Both VISA and Mastercard display their different benefits online without assigning specific benefits to card levels. You would have to review credit card agreements from issuers prior to applying for specific details. Generally, with premium credit cards, they will include some degree of: rental collision damage coverage, emergency card replacement, emergency roadside assistance, extended warranty protection, return protection, purchase protection, travel accident insurance, trip cancellation and interruption insurance, lost luggage reimbursements, and concierge services.

How to Choose Between VISA and Mastercard

There is virtually no difference between VISA and Mastercard because they are simply payment processing agents. When you are researching credit card options, you will want to consider what the card issuer is offering. They are the ones to determine interest rates, annual fees, cash back amounts, reward amounts, sign-up bonuses, and so on – these are the things borrowers really care about.

With premium credit cards, you will have more travel options and rewards, but only if the credit card issuer passes on the VISA or Mastercard benefits to the borrower. If you travel often you may want to consider Mastercard over VISA. The reason being that Mastercard is accepted with slightly more merchants and countries. In addition, they share more travel insurances and benefits on their website.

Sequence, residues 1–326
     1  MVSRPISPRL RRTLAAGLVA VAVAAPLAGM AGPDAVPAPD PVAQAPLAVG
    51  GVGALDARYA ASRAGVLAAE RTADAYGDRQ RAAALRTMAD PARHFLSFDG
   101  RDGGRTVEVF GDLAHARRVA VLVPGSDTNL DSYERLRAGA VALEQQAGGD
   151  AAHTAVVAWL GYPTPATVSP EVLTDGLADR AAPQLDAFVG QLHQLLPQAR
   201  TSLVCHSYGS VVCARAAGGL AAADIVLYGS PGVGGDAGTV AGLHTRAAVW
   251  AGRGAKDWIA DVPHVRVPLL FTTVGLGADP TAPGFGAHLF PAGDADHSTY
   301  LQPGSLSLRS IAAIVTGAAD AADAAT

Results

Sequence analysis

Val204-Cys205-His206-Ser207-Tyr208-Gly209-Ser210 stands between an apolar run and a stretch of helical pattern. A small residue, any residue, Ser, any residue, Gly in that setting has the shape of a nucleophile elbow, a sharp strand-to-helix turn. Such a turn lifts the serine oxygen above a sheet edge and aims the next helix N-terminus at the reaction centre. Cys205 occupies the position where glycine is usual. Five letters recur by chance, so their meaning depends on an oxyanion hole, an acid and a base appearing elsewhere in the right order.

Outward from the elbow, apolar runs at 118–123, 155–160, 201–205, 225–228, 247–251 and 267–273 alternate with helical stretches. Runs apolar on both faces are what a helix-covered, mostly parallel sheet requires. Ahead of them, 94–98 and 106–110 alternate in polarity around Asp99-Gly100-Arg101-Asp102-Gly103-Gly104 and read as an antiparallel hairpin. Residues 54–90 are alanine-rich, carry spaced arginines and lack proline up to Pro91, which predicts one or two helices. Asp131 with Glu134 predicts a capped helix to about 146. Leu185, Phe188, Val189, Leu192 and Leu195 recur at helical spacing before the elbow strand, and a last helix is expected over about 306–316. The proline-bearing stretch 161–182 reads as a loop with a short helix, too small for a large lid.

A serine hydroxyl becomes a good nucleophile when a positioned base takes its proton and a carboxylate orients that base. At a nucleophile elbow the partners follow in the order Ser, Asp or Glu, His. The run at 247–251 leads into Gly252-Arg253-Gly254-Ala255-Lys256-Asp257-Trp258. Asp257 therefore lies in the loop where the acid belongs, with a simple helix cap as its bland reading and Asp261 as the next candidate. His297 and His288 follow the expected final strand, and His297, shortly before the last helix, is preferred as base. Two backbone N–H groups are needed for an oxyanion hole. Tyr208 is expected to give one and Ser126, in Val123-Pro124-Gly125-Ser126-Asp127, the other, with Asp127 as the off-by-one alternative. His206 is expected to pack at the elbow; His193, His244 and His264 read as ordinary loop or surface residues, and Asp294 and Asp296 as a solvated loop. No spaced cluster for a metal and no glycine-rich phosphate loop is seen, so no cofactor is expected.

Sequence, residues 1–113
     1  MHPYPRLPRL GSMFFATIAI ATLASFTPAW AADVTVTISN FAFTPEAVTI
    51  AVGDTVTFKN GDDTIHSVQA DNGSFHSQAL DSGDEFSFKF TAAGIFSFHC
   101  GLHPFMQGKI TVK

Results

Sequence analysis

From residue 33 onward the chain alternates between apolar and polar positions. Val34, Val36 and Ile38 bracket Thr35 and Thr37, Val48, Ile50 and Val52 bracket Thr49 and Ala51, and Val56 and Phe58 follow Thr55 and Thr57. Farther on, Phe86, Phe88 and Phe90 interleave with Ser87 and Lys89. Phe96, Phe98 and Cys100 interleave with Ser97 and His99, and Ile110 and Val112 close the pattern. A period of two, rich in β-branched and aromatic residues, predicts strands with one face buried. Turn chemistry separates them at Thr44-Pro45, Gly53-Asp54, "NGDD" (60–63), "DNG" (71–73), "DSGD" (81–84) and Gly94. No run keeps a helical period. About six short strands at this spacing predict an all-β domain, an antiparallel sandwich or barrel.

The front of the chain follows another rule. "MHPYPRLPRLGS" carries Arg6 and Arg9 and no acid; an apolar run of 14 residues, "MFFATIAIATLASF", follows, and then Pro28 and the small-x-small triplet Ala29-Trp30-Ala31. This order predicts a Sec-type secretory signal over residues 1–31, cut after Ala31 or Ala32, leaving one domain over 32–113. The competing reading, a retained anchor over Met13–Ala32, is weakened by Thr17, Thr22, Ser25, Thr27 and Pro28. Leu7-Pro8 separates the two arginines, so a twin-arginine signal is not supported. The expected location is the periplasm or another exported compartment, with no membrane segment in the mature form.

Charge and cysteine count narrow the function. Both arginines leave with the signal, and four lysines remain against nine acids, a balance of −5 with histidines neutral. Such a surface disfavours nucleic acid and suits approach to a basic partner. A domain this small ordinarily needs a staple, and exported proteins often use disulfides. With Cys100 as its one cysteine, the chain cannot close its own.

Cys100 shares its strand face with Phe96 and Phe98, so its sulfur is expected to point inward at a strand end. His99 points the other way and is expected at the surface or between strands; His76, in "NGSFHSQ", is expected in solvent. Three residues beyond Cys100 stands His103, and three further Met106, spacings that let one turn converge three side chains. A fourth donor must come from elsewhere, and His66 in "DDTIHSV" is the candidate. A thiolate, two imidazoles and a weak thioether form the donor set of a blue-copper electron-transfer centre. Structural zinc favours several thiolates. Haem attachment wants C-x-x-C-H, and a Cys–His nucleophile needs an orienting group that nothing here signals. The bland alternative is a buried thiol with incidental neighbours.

The most important thing to consider with credit cards is your financial position and needs. VISA or Mastercard won’t make much of a difference in terms of your budget and ability to achieve your financial goals. Happy hunting!

Author Bio

Mohamed Konate

Mohamed Konate is a personal finance expert, blogger, and marketing consultant based out of Toronto. He is a former financial services professional who worked for many years at major Canadian financial institutions where he managed the marketing strategy around various financial products ranging from credit cards to lines of credit. Mohamed is passionate about personal finance and holds a Bachelor in Business Administration from the University of Quebec (Montreal) and a Master in International Business from the University of Sherbrooke (Quebec).He is also the author of the Canadian Credit Card Guidebook. Read his full author bio